The week has begun, rather inauspiciously. Last year at this time I was in Manhattan, proposing to a Russian hooker. One wonders why I’ve not been invited to join the current administration what with my fondness for and near immediate surrender to a fellow named Pavel, who didn’t charge me a dime by the way, because I didn’t know he was a hooker and … never mind, not important. Wasn’t the story I meant to tell.
Last year at this time I was in Manhattan and my first night there I saw She Loves Me, to which I was introduced many long years ago when I ran away to California, auditioned for the show, and was shamed by the audition death-panel of flannel-shirted, mustachioed gay men (it was 1979) who hit me with HUGE attitudes for not knowing who Barbara Cook was. After the audition — where it was made clear I was too light for the role and in danger of not being welcome into the group I thought would surely embrace me, GAY THEATRE MEN — I stopped at a Tower Records (remember those?) and bought Miss Cook’s Barbara Cook At Carnegie Hall, and started a love affair that has lasted lo these many decades. But my favorite song from She Loves Me was not on the Carnegie Hall album, so it was only later when I got the original cast recording that I discovered Where’s My Shoe; all of which long explanatory intro has to do with my inability this morning here in the final few days of my house/pet-sitting gig to find my shoe, and the memories of last year at this time being in New York, and the many decades I have always — in my head — both wished I lived in New York, wished I’d ever been embraced by a community of gay men, and, too, have always started singing Where’s My Shoe to myself whenever I go to put on shoes, all of which, this morning, for some reason, made me cry.
Actually, I probably know the reason. Last year at this time when I was in Manhattan I was scheduled to see Miss Barbara Cook at 54 Below. But, alas, the show was cancelled. I’m grateful to have seen her in concert twice in my life and I cried through both of those concerts. None of which has anything to do with crying this morning.
Last year at this time I proposed to Pavel because he told me he was here illegally, couldn’t return to Russia because he was gay and they would jail or kill him. Pavel, who had already been too sweet and kind to me in a fractured English that both filled and broke my heart, turned me down. He warned me that I was too nice, I was going to get used and hurt by people because I opened up my heart so quickly, I should not, he said, be so trusting and believe so much.
Last year at this time I opened my heart a lot on that trip. I met in person so many wonderful people I’d only known through social media. And I reunited with people, some new friends and some I hadn’t seen in years — one of whom had taken me to my first Barbara Cook concert. And it was a heart opening, perfect week when I trusted and believed and was healed rather than hurt.
But, Pavel, it turns out, was right. And wrong. For reasons wrapped up in a story I can never tell, I meant to tuck away and wall off my heart. A few people I trusted with my life, trusted with my love, had broken pieces of my heart for reasons in which they felt fully justified and that’s not mine to judge, I don’t claim to be a saint, I’ve made many mistakes, and I mean to throw no shade on nor assign any blame to them.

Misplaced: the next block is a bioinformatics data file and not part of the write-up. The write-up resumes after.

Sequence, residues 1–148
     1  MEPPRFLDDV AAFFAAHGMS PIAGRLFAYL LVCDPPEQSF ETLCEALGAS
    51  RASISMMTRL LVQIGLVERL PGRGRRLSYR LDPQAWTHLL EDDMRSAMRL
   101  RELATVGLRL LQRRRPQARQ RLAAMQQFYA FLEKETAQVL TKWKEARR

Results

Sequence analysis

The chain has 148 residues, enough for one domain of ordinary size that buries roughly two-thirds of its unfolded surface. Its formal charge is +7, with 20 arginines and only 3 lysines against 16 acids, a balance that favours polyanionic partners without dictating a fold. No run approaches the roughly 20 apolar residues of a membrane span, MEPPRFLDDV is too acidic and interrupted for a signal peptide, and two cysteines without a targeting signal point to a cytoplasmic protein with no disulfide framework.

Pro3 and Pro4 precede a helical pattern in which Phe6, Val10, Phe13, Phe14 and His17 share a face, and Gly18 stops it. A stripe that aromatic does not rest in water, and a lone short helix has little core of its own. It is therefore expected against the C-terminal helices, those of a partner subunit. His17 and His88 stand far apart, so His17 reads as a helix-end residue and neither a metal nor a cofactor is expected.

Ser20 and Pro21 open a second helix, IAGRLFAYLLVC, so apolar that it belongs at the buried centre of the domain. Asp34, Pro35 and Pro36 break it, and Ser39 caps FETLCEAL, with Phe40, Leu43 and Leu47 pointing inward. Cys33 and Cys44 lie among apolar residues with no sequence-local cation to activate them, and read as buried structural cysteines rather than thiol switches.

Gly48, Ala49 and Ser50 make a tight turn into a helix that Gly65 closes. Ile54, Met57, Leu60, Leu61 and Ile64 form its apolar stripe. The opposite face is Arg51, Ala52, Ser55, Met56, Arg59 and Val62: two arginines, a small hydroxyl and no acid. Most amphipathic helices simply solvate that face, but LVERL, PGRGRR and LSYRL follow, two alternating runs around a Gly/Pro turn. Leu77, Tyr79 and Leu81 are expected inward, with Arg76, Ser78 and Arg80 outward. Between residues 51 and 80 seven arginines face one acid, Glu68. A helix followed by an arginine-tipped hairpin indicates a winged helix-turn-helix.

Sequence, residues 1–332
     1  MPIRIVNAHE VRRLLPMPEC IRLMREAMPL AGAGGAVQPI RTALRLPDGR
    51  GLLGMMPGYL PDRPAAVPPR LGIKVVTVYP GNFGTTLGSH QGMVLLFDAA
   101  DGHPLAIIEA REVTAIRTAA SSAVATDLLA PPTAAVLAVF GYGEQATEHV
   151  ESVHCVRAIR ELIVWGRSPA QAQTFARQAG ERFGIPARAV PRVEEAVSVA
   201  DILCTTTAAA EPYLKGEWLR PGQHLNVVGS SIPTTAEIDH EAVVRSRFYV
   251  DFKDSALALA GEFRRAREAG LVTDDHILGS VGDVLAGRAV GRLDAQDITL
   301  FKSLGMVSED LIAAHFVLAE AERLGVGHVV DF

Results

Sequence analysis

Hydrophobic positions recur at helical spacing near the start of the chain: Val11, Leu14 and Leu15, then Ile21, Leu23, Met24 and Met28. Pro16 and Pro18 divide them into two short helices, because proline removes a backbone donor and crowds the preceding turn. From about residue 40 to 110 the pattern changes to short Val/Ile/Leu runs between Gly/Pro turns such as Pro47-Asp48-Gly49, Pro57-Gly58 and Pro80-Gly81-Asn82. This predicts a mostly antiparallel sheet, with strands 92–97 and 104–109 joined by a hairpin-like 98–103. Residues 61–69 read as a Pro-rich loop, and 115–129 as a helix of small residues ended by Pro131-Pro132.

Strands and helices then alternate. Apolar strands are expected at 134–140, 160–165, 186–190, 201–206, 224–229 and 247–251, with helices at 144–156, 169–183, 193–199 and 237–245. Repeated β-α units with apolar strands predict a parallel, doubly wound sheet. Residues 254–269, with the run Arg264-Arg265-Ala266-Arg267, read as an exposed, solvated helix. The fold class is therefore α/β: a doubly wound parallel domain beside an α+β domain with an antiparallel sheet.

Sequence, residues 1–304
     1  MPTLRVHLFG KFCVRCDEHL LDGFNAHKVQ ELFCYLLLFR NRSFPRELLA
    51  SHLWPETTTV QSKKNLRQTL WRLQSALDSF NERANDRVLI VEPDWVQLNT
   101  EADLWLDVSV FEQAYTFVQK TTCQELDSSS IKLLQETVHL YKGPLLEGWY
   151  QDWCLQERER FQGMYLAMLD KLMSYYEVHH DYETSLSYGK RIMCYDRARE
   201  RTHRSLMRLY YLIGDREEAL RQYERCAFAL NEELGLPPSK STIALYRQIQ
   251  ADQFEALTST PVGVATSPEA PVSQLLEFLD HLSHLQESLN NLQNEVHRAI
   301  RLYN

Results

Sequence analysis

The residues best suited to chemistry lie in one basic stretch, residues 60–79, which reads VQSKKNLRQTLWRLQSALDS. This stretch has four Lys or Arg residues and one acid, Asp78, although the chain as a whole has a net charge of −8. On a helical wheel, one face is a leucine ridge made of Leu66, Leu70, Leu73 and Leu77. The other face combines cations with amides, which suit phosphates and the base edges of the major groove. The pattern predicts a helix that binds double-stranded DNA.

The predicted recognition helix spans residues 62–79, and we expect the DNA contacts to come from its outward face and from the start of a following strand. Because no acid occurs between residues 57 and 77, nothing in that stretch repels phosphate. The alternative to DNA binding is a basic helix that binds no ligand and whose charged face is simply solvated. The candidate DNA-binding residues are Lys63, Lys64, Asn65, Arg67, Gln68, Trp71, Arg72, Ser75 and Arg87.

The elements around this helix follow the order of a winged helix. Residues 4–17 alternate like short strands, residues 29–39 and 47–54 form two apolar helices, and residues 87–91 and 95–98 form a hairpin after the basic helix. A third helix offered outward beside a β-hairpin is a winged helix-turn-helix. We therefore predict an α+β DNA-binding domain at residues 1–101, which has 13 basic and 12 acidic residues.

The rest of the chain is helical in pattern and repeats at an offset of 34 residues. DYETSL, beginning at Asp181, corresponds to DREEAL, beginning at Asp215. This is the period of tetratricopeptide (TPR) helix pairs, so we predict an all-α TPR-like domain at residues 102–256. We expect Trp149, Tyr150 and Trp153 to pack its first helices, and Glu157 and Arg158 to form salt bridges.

But, it turns out I am awful at closing off my heart. Or, rather, it turns out I am fantastic at being open-hearted and loving. Which comes with risks. And I take those risks. And sometimes I am taken by surprise to discover I have given a piece of my heart to someone — or, have given a piece of my heart to a someone who I’ve imagined into being, who I’ve layered around the shape and intentions of a real human being making up this pretend version of them I have created.
Or, have I?
I have been told by both a psychic and a mental health professional that my problem is not that I choose the wrong people to trust, but, rather, that I see to the centers of people, past the veneers and shells and layers of protection in which we all wrap ourselves. Oftentimes, we humans are not willing or able to operate from our centers.
So, just like it isn’t about me being bad at closing my heart, but instead, gifted at opening it, then in the same vein it isn’t that I don’t see, it’s that I see too much.
Which, I continue to think is a better way to be despite this latest little piece of me being broken. I’m not looking anymore to wall off my heart from hurt, I’m trying — instead — to peel away every layer and open myself to everything and everyone.
And I may not be in Manhattan, but, the week has only begun, and there are other ways and places in which to be happy. And a little crying never hurt anyone. Which is good, because since November, crying is my go-to response to any kindness, beauty, joining, or instances of love or light. We need as much as we can get right now to heal the world. And I think healing requires open hearts. And open hearts often involve tears.
I don’t really know what I’m trying to say. But I wanted to say it. Whatever it was, wrapped up in stories I can’t tell.
And, I found my shoes.
Love and light dear ones.